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How hospitals in the US are using big data analytics to research paediatric cancer

Byron Connolly | Feb. 12, 2015
Five hospitals partner with Dragon Master Foundation to raise awareness and make data more accessible to scientists who are unlocking the mysteries of lethal childhood diseases.

Resnick said databases need to be very scalable. Around 100 terabytes of data is stored for use in pilot projects and he expects that number to rise to petabytes or even larger as infrastructure is used to do studies across many disease spaces.

"For us that's another level of partnership -- what we do in paediatric cancer research of brain tumours can be leveraged for neuroblastoma, leukaemia, or any other paediatric disease because they face the same challenges that we do," he said.

Currently, Dragon Master and the hospitals are trying to encourage researchers who are not interested in paediatric brain tumours to work on the data to make it more accessible and expand its reach.

"It turns out that when you begin to look at paediatric brain tumours, you identify mutations or alterations that identify certain processes ... which may be relevant to other cancers and disease settings in ways that we couldn't have predicted," said Resnick.

"We want to be able to recruit those who are interested in those processes to work alongside us."

The organisations are currently working on a pilot project that analyses and compares mutations in diffuse intrinsic pontine glioma (DIPG), an incurable childhood brain stem tumour, and fibrodysplasia ossificans progressiva (FOP), a disease where muscle, tendons and ligaments are gradually replaced by bone.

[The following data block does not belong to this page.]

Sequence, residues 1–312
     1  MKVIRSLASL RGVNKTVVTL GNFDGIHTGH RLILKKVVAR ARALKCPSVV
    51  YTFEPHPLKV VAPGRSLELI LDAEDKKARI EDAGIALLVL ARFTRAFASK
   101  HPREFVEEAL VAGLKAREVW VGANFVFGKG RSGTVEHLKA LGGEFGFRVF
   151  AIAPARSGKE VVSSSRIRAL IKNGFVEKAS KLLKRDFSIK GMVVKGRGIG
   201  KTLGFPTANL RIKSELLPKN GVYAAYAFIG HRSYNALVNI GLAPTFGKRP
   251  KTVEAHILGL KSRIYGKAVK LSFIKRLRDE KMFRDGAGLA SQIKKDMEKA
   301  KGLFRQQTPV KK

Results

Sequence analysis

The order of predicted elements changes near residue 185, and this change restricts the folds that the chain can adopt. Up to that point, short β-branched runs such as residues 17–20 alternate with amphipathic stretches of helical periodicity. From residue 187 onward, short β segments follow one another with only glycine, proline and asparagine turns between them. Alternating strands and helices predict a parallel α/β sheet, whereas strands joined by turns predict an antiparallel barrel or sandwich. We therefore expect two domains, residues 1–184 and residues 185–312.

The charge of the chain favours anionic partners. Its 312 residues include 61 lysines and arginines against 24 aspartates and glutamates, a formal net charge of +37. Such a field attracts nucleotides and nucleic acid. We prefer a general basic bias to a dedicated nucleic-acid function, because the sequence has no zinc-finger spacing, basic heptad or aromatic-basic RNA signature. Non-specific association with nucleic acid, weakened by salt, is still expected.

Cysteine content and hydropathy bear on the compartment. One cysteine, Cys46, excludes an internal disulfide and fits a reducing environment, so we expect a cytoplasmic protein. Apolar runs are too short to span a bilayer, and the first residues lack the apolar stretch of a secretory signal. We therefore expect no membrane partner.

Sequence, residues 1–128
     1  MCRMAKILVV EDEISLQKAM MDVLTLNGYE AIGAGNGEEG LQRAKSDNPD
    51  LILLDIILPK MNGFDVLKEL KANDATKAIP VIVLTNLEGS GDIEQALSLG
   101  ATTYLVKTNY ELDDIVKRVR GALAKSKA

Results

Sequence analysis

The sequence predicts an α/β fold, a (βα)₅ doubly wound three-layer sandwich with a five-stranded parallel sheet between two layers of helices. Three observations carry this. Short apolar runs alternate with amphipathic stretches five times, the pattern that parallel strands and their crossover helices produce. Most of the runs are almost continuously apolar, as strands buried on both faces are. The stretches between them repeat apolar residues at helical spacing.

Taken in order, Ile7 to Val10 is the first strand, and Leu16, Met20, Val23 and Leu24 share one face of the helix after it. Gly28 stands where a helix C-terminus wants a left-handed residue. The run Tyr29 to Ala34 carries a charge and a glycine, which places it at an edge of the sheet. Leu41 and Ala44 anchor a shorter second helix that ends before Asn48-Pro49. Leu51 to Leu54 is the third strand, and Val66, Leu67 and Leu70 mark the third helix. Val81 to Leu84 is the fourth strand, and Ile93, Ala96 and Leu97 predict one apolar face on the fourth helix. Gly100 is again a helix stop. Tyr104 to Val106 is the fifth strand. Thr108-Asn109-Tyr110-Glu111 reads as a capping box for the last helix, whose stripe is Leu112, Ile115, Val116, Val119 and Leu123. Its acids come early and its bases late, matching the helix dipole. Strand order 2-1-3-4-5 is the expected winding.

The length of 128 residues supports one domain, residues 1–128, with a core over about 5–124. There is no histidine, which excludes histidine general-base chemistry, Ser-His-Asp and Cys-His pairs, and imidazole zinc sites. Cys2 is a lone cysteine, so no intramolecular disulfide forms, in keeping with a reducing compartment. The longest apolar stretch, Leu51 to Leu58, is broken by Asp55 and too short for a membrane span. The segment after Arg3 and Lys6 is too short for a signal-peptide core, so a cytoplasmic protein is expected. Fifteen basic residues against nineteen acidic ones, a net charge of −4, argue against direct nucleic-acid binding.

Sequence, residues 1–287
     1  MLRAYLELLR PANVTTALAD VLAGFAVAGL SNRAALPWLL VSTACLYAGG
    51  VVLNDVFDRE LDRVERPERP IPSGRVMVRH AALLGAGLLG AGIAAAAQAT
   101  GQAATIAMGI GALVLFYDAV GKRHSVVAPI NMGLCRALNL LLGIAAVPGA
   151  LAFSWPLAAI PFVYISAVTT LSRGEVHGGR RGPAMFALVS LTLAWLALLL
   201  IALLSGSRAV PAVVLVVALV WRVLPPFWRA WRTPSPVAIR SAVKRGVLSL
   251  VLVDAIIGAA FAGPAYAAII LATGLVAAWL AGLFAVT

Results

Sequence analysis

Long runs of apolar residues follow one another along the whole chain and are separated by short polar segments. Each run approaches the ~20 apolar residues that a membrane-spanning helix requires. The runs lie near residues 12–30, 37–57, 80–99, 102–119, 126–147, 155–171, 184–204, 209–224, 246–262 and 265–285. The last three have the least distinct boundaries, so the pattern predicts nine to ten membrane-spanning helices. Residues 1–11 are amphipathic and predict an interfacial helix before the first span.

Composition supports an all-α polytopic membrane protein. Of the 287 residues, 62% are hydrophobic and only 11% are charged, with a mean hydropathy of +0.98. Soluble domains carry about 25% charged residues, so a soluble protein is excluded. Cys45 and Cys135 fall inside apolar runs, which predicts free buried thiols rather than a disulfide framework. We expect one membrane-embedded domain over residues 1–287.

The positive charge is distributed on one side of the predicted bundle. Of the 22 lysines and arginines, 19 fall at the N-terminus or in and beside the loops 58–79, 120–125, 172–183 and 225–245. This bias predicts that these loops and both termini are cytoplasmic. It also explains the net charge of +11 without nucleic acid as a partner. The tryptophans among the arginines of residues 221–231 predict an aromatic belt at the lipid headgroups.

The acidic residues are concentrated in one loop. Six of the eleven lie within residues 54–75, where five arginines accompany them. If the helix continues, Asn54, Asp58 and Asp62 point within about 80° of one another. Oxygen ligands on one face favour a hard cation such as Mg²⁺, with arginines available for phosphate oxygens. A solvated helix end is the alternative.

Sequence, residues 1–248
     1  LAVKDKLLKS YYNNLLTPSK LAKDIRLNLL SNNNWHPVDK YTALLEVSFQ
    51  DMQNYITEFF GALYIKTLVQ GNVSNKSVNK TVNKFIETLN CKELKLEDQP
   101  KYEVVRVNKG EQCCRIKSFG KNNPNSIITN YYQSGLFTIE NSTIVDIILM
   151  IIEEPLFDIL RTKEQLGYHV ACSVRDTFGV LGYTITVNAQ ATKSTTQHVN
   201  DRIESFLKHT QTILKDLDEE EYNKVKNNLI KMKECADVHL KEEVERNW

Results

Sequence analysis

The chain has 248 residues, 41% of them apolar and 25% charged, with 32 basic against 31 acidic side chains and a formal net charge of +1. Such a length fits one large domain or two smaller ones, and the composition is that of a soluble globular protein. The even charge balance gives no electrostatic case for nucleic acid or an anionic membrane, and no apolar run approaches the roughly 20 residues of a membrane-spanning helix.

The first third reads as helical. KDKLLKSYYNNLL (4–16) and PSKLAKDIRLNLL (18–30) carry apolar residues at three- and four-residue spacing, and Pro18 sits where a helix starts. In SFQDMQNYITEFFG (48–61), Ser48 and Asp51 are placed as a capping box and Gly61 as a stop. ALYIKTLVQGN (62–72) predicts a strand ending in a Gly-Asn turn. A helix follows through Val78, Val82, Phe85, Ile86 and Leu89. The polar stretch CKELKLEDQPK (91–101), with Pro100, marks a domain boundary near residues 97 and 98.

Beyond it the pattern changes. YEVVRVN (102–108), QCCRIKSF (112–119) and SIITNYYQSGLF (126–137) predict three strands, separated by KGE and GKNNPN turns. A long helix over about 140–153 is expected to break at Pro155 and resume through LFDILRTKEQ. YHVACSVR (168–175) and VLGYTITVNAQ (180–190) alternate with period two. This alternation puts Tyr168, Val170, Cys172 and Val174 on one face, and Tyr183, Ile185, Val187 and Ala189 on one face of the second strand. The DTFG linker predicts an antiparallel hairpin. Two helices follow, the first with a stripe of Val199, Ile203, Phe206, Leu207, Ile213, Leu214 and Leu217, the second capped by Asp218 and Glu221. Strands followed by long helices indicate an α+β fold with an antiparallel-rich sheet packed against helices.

Mutations that occur in DIPG also occur in FOP, said Resnick.

"Somehow the pathology between these diseases overlap. They have the exact same mutation -- one of them occurs in the germ line, meaning the patient is born with the mutation, or the mutation is acquired in the process of the cancer forming for reasons that we don't know," he said.

Resnick said this finding highlights the tremendous need for data dissemination and access, and collaborative platforms that enable people to share and work on data together when they are studying the genomics of cancer.

Working with Dragon Master supports opportunities to make these discoveries, he said. But data analysis needs to happen at a much more rapid pace globally, he said.

"It's clear that the analysis of data is still in its infancy -- meaning there are still many ways to analyse the data and not one universal right way to do it," he said.

He argues that researchers should gravitate towards paediatric data -- which is not as accessible as adult data -- to figure out how to analyse data better.

"I think if we do that people will make discoveries that they would not have made otherwise," he said. "Again, it comes back to the need to create infrastructure that makes data more accessible."

Dragon Master also wants to attract people outside the medical field, 'data geeks' who are working with big data in other industries to see if analysis techniques they are using could be applied to the initiative, said Haddock.


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